When we see God's wonderful grace

19 March 2003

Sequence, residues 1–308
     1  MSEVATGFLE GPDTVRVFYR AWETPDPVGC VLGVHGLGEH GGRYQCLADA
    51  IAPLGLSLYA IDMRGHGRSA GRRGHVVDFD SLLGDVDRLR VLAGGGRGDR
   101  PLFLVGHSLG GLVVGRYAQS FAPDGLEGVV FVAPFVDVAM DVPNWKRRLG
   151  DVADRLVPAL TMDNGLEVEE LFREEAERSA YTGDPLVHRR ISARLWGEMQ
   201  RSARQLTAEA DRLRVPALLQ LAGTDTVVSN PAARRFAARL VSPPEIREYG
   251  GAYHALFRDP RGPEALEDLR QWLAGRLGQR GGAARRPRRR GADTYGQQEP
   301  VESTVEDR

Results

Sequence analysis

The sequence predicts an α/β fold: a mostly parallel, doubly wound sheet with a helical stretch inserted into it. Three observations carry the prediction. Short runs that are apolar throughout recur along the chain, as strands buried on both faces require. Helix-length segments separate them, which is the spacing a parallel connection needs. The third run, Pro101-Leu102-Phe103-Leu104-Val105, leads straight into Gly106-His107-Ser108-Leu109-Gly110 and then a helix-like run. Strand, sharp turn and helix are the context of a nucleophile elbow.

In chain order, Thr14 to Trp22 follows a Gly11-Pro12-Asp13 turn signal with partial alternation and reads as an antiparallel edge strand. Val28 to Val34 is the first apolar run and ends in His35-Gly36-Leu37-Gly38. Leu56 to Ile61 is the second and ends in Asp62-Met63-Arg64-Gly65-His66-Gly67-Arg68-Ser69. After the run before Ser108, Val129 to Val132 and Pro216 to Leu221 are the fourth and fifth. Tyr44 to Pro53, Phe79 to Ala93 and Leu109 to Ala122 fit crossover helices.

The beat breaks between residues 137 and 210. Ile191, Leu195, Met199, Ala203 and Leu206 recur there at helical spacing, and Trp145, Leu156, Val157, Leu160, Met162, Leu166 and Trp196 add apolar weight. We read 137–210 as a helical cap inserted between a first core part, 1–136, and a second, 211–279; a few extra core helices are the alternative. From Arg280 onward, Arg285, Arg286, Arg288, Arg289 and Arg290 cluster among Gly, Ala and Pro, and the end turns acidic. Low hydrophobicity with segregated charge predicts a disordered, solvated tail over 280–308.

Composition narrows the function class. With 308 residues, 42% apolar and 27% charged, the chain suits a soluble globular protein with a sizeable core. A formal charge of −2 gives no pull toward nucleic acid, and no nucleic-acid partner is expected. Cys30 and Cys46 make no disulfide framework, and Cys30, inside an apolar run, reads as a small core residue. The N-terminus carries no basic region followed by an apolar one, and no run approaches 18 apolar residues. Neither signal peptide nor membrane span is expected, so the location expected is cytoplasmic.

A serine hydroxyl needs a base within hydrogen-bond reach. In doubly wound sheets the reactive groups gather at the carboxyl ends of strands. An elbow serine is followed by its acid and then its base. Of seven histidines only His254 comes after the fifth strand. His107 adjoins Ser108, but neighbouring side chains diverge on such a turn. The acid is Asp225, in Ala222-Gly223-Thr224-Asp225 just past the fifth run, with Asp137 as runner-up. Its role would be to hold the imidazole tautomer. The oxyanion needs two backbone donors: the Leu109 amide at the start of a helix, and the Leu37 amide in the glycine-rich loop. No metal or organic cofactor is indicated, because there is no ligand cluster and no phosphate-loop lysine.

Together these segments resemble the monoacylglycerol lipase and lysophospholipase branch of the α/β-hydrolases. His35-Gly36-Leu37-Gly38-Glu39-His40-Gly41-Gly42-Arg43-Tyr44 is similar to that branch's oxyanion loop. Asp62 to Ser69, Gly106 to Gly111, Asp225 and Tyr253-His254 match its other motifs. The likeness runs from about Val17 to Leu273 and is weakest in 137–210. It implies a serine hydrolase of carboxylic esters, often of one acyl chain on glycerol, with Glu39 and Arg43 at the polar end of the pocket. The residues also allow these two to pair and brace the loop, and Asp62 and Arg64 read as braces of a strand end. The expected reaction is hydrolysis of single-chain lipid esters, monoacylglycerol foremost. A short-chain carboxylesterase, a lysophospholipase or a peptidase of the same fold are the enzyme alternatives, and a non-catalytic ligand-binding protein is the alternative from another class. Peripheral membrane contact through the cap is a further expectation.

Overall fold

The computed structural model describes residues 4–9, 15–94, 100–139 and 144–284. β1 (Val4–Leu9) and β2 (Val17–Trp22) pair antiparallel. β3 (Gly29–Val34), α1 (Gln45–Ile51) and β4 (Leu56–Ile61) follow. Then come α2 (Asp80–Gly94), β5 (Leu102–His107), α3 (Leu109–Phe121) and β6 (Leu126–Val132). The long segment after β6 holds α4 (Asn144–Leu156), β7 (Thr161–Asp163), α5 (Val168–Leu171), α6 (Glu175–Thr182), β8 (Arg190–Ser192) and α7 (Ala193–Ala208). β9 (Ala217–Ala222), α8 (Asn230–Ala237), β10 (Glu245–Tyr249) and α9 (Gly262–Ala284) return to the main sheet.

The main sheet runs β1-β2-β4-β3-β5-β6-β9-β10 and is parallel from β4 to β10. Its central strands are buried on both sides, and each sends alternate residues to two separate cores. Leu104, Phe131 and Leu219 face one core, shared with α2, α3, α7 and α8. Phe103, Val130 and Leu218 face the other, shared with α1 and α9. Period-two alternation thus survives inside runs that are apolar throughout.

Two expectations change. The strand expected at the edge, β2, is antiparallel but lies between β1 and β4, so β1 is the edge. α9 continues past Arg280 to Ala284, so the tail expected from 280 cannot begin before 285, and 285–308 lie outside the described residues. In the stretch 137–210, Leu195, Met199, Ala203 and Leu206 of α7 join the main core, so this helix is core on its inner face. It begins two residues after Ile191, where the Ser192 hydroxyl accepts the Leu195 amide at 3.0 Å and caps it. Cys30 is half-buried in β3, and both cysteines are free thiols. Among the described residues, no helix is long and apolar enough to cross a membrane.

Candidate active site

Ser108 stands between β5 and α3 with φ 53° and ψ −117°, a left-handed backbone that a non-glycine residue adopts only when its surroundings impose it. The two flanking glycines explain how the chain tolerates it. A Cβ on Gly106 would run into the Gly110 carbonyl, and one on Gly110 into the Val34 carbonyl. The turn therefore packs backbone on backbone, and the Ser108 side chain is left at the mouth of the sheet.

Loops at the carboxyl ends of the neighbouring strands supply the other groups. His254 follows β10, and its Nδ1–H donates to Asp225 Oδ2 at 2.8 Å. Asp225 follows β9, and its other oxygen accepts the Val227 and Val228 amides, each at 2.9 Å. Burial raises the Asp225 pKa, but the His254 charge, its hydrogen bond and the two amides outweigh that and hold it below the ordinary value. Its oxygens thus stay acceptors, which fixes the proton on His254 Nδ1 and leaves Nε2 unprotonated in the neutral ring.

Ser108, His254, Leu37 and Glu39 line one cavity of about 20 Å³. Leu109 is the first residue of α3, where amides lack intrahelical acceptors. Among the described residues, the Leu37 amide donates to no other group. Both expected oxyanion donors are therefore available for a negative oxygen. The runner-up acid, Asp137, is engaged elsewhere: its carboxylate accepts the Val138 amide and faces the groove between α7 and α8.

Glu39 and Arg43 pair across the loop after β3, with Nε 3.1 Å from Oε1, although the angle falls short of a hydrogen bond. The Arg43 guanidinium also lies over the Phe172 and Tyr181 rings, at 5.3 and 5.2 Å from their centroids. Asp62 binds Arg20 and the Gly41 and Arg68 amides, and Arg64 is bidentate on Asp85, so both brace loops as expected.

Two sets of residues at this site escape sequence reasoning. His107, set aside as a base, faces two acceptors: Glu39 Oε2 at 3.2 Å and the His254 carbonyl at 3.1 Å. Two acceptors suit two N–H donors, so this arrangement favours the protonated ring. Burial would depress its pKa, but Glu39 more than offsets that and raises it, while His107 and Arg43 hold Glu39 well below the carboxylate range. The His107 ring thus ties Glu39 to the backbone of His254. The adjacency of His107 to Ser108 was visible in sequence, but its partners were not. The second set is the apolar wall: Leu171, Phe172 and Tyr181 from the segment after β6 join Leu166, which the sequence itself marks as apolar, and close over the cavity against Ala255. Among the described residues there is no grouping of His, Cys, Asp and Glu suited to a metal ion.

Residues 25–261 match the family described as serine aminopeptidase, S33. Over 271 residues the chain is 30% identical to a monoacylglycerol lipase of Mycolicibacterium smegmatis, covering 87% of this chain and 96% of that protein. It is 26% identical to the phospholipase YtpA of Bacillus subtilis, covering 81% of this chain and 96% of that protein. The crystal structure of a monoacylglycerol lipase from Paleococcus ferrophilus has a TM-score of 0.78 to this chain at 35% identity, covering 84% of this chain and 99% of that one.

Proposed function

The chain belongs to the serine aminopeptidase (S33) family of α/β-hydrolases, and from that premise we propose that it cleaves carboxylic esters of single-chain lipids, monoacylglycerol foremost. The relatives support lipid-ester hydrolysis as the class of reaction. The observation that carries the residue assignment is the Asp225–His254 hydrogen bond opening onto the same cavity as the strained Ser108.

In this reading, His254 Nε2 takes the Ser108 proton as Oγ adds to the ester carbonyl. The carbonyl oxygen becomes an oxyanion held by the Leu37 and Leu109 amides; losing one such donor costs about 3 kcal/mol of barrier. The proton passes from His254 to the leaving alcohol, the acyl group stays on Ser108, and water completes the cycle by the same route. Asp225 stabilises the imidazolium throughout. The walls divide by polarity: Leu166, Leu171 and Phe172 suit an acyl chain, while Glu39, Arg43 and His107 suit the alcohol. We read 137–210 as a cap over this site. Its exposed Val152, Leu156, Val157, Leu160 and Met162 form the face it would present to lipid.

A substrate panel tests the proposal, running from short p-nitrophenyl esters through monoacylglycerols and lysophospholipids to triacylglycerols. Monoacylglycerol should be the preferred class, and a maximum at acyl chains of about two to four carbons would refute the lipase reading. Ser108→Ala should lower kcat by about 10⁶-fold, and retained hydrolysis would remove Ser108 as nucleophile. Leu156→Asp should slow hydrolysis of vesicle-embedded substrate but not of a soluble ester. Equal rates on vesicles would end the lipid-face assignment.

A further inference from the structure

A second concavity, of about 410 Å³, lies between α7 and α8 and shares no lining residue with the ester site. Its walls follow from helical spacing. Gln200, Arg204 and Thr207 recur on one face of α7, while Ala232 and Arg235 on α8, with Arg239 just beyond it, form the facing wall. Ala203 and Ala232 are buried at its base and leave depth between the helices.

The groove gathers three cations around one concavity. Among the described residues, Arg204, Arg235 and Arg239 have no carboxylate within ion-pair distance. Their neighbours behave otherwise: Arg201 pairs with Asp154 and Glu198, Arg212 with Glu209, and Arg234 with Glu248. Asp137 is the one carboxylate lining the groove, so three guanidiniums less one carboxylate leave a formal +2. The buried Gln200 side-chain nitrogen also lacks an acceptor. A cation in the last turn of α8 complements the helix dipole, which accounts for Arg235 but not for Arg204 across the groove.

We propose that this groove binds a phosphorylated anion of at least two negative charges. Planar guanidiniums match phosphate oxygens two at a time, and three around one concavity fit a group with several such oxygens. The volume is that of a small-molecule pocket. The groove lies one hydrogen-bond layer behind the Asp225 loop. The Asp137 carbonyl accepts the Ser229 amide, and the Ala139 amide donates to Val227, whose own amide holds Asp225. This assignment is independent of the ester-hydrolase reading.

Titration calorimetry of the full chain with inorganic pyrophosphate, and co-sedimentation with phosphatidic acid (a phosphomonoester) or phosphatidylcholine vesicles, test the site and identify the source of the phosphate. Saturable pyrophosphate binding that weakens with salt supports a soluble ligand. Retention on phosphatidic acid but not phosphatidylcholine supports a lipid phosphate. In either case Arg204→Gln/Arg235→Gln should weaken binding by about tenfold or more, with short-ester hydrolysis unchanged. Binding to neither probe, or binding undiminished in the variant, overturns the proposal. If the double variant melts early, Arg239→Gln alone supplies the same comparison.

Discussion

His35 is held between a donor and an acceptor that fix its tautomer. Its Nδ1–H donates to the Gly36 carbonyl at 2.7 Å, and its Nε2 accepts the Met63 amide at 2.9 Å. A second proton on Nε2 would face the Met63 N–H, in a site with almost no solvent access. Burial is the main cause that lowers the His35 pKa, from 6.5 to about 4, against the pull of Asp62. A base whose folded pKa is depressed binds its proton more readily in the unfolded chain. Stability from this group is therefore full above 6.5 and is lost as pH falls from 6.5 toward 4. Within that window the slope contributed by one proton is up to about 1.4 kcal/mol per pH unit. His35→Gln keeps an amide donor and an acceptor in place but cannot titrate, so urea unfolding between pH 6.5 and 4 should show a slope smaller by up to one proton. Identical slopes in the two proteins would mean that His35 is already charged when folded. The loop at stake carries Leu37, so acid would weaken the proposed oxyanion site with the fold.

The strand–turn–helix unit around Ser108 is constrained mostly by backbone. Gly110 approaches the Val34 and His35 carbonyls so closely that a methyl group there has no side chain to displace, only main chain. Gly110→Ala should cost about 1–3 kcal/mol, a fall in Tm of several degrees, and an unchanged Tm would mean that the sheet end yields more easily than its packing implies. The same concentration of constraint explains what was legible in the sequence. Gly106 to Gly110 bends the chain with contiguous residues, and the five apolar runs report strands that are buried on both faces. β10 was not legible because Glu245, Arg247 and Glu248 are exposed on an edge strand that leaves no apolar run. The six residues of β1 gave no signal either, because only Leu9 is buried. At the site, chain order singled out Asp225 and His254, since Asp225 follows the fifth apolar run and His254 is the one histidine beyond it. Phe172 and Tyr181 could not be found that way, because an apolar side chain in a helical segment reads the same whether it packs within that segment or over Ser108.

Our thoughts today are centered around a prayer of David as he expresses his gratitude for the Lord's mercy and kindness towards his house, "Then went king David in, and sat before the Lord, and he said, Who am I, O Lord God? And what is my house, that thou hast brought me hitherto?"(II Samuel 7:18) As David spake thus to his Lord, he was not asking who he was in regard to his person, but rather who he was that the God of glory would take notice of him and bless him thus. His speech concerned the lowliness of his character. As a country song once went, "Why me Lord; what have I ever done, to deserve even one of the kindness you've shown?" God's grace was so amazing to David that he could not find words to express his feelings and vent his soul properly. He is amazed, dumbfounded by God's grace. When we see God's wonderful grace many questions come before us because grace first appears a mystery to us. Why so free? It sometimes seems offensive to us because we are such graceless creatures ourselves, that when someone first makes the proposition of grace to us, we are offended, we demand that we must merit every jot and tittle of God's blessings. We are accustomed to asking why when adversity strikes. But grace is so free that it causes us to question God's kindness as though we must earn it. Grace is that way. It goes against the common thinking of mankind. That is why David wrote a few verses later, "And is this the manner of man, O Lord God?" David knew that it wasn't. It was not Saul' manner toward him nor was it his own manner toward Nabal the Carmelite. As he surveyed his life he could not find enough merits to match the blessings he had received. Surely, if we went tit for tat with the Lord we would find his graces far outweighing our merits. David didn't say, "Because I am king", because his kingship was by given by grace. He didn't say, "Because I slew the Philistine giant", because he knew his stone was guided by Jehovah's hand. What could he say? So he said, "What can David say more unto thee?" God's grace humbles us. David uses the phrase "thy servant" eight times in this one prayer which shows us how grace, and not law, brings loving obedience. I feel that David wanted to do more for his Lord at this moment of his life than every other moment put together. This is the classic symptom when we first experience grace! We may obey God because we fear Him, because thou shalt nots ring in our ears. But the Lord is most delighted in obedience spawned from a thankful heart! When a hateful Saul of Tarsus first experienced grace he said, "Lord, what wilt thou have me to do?". When hearts were pricked at Pentecost, the response was "Men and brethren, what shall we do?" The cross was the place where matchless grace was displayed, not a whip. Followers of Christ do so out of love, not the fear of Sinai's thunder. Jesus is the mediator of a better covenant which is established upon better promises. So we ask, "Who am I that God would love me with an everlasting love? Who am I that I would be chosen in Christ before the foundation of the world? Who am I that God would send His beloved Son to die for my sins? Who am I that God would number the hairs of my head and watch my every step? Who am I to receive an inheritance, incorruptible, undefiled that fadeth not away? Who am I to enjoy the earnest of my inheritance, knowing my redeemer and exploring the merits of His sufferings? Who am I"? The best answer I have found goes thus: A worm in the dust, yet an object of God's amazing grace!!!